Kentucky’s 2016 annual unemployment rate falls to 5 percent
March 6th, 2017
Ky hits lowest annual rate in 17 years; nonfarm employment adds 28,100 jobs
FRANKFORT, Ky. (March 6, 2017) – Kentucky’s annual unemployment rate dropped to 5 percent in 2016 from 5.3 percent in 2015, while nonfarm employment gained 28,100 jobs, according to the Office of Employment and Training (OET), an agency of the Kentucky Education and Workforce Development Cabinet. It was the lowest annual jobless rate for the state since 2000 when the rate was 4.2 percent.
“At 5 percent, Kentucky’s unemployment rate has reached a low not seen since 2000,” said Kentucky Labor Market Information Director Kate Shirley Akers, Ph.D. “Total nonfarm employment reached a historical high in 2016 at 1,914,200. Employment in the largest sector, trade, transportation and utilities, was also at historic levels.”
The U.S. annual unemployment rate dropped to 4.9 percent in 2016 from 5.3 percent in 2015.
The U.S. Bureau of Labor Statistics’ estimate of the number of employed Kentuckians for 2016 was 1,892,273. This figure is up 30,751 from the 1,861,522 employed in 2015, and the highest since 2008 when the statewide employment was estimated at 1,900,683.
The estimated number of unemployed Kentuckians for 2016 was 99,701, down 4,443 from the 104,144 unemployed in 2015. The number of those unemployed is down by 16,058 compared to 10 years ago.
“This is the lowest number of unemployed Kentuckians on record since 2000 when the number stood at 81,974,” Akers said. “By all of these labor measures, Kentucky has made great strides in the last few years.”
In 2016, the estimated number of Kentuckians in the civilian labor force was 1,991,974. This is up 26,308 from the 1,965,666 recorded in 2015, but down from 10 years ago when the civilian labor force was 2,029,231.
Labor force statistics, including the unemployment rate, are based on surveys designed to measure trends.
Annual unemployment rates declined in 39 states in 2016 compared to 2015. Among the states, New Hampshire and South Dakota tied for the lowest rate at 2.8 percent each, while Hawaii was the third lowest at 3 percent. New Mexico, 6.7 percent; Alaska, 6.6 percent; and Louisiana, 6.1 percent, had the highest rates in 2016.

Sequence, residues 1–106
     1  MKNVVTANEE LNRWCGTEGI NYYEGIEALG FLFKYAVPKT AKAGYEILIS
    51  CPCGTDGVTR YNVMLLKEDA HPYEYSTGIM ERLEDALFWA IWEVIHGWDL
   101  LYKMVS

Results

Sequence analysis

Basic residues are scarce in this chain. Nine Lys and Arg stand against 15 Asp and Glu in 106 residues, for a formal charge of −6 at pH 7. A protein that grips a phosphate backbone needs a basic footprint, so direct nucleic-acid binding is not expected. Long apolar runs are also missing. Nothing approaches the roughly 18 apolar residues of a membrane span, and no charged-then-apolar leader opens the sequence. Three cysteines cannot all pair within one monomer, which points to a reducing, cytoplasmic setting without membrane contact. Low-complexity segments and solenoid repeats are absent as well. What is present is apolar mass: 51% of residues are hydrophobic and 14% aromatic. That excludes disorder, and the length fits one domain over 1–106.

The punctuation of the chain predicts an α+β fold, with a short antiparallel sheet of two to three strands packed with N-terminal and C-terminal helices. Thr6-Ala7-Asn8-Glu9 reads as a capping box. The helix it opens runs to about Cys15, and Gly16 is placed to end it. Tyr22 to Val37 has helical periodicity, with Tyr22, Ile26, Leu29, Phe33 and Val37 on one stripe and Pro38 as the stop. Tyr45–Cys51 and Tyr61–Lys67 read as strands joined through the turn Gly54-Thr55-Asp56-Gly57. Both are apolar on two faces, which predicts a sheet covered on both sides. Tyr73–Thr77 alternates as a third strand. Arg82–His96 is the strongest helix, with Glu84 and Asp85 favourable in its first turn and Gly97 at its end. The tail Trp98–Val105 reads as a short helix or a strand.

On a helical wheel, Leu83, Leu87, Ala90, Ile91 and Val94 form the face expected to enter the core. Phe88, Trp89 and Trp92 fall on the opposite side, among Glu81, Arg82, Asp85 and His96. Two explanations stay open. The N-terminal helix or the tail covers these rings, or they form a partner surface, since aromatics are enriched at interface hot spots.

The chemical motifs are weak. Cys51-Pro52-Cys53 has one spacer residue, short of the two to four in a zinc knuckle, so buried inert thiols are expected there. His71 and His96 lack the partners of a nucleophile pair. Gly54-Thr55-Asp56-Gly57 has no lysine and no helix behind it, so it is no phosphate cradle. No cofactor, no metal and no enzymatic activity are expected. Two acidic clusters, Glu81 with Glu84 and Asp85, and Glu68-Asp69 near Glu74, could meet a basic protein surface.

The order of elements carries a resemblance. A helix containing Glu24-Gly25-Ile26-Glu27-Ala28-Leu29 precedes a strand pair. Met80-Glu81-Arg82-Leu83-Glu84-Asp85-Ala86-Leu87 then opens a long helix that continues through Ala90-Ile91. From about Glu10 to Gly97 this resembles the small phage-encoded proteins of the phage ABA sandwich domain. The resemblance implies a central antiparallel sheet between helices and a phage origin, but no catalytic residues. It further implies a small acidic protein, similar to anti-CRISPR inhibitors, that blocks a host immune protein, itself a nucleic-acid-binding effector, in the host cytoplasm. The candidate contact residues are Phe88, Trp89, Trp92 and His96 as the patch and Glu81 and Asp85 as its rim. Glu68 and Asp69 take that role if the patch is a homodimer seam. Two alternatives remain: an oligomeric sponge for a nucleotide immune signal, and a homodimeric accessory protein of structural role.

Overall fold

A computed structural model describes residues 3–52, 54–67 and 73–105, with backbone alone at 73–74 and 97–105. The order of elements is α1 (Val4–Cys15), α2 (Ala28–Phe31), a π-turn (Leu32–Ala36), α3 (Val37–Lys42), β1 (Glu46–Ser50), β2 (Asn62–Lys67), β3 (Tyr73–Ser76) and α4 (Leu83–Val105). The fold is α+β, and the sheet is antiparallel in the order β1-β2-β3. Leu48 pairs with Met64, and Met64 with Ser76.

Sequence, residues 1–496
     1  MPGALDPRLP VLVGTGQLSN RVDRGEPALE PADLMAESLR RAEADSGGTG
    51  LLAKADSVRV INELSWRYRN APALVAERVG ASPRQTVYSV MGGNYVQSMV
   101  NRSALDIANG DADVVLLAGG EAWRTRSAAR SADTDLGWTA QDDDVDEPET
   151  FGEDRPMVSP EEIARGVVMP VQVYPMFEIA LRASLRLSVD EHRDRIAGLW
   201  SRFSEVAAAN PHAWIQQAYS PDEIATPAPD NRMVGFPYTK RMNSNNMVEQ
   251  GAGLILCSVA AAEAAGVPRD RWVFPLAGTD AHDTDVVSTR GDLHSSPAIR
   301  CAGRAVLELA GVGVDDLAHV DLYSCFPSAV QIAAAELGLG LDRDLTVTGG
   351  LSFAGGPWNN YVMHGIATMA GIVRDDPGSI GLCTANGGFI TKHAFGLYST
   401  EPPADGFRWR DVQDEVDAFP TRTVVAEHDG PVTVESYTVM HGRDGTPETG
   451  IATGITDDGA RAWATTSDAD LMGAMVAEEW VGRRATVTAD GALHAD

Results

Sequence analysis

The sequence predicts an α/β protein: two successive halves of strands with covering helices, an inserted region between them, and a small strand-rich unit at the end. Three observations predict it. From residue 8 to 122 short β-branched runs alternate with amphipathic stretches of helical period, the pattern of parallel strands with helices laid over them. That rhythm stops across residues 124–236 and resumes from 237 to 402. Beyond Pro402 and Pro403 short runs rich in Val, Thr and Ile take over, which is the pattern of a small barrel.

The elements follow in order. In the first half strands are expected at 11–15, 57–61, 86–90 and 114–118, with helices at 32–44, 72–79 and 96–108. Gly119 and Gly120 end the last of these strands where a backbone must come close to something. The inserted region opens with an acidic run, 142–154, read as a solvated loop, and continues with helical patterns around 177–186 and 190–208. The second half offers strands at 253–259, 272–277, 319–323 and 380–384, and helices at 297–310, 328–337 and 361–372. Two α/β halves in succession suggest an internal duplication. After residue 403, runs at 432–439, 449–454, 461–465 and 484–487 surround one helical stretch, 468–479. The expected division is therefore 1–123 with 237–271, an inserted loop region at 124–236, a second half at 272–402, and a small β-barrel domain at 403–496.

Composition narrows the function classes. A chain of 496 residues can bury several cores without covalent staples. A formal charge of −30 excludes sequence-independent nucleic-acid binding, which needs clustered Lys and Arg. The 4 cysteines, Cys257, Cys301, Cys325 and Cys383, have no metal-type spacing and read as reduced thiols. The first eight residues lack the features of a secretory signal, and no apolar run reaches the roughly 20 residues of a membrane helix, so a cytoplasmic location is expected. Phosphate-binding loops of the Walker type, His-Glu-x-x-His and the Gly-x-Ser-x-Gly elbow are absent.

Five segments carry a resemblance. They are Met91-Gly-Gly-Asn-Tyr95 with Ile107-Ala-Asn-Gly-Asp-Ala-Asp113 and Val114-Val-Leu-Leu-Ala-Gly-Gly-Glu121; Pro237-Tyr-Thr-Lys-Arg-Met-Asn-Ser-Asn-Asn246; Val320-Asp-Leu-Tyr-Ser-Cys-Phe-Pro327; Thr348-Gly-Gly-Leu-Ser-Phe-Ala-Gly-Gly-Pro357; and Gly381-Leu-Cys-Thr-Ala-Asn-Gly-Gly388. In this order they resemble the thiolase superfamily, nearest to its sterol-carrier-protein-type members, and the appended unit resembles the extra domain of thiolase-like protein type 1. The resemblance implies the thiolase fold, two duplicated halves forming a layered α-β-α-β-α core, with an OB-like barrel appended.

Kentucky and New Jersey, both at 5 percent, had the 19th highest annual unemployment rates among all states and the District of Columbia in 2016. Kentucky was one of 20 states, including the District of Columbia, with annual unemployment rates above the U.S. annual rate in 2016. Four contiguous states, Indiana, Missouri, Tennessee and Virginia, had unemployment rates lower than the national average. Two others, Illinois, 5.9 percent, and West Virginia, 6 percent, had unemployment rates higher than the U.S. average.
In a separate federal survey of business establishments that excludes jobs in agriculture and people who are self-employed, Kentucky’s nonfarm payroll in 2016 increased by 28,100 or 1.5 percent to 1,914,200 employees.
Nonfarm data is provided by the Bureau of Labor Statistics’ Current Employment Statistics program. According to this survey, nine of Kentucky’s 11 major nonfarm job sectors listed in the North American Industry Classification System (NAICS) showed employment growth in 2016, while two reported losses.
According to the annual employment data, Kentucky’s trade, transportation and utilities sector jumped by 9,700 jobs or 2.5 percent in 2016. Over a 10-year period, the number of jobs increased by 16,300 or 4.3 percent. It is the largest Kentucky sector with a total of 397,200 jobs or one-fifth of Kentucky’s nonfarm employment. Within the sector in 2016, wholesale trade was up by 1,500 jobs, retail trade employment increased by 4,300, and businesses in transportation, warehousing and utilities added 3,900 jobs.
“Increased transportation and warehouse activity is a good indicator of a growing economy because it reflects a demand for goods,” said Akers.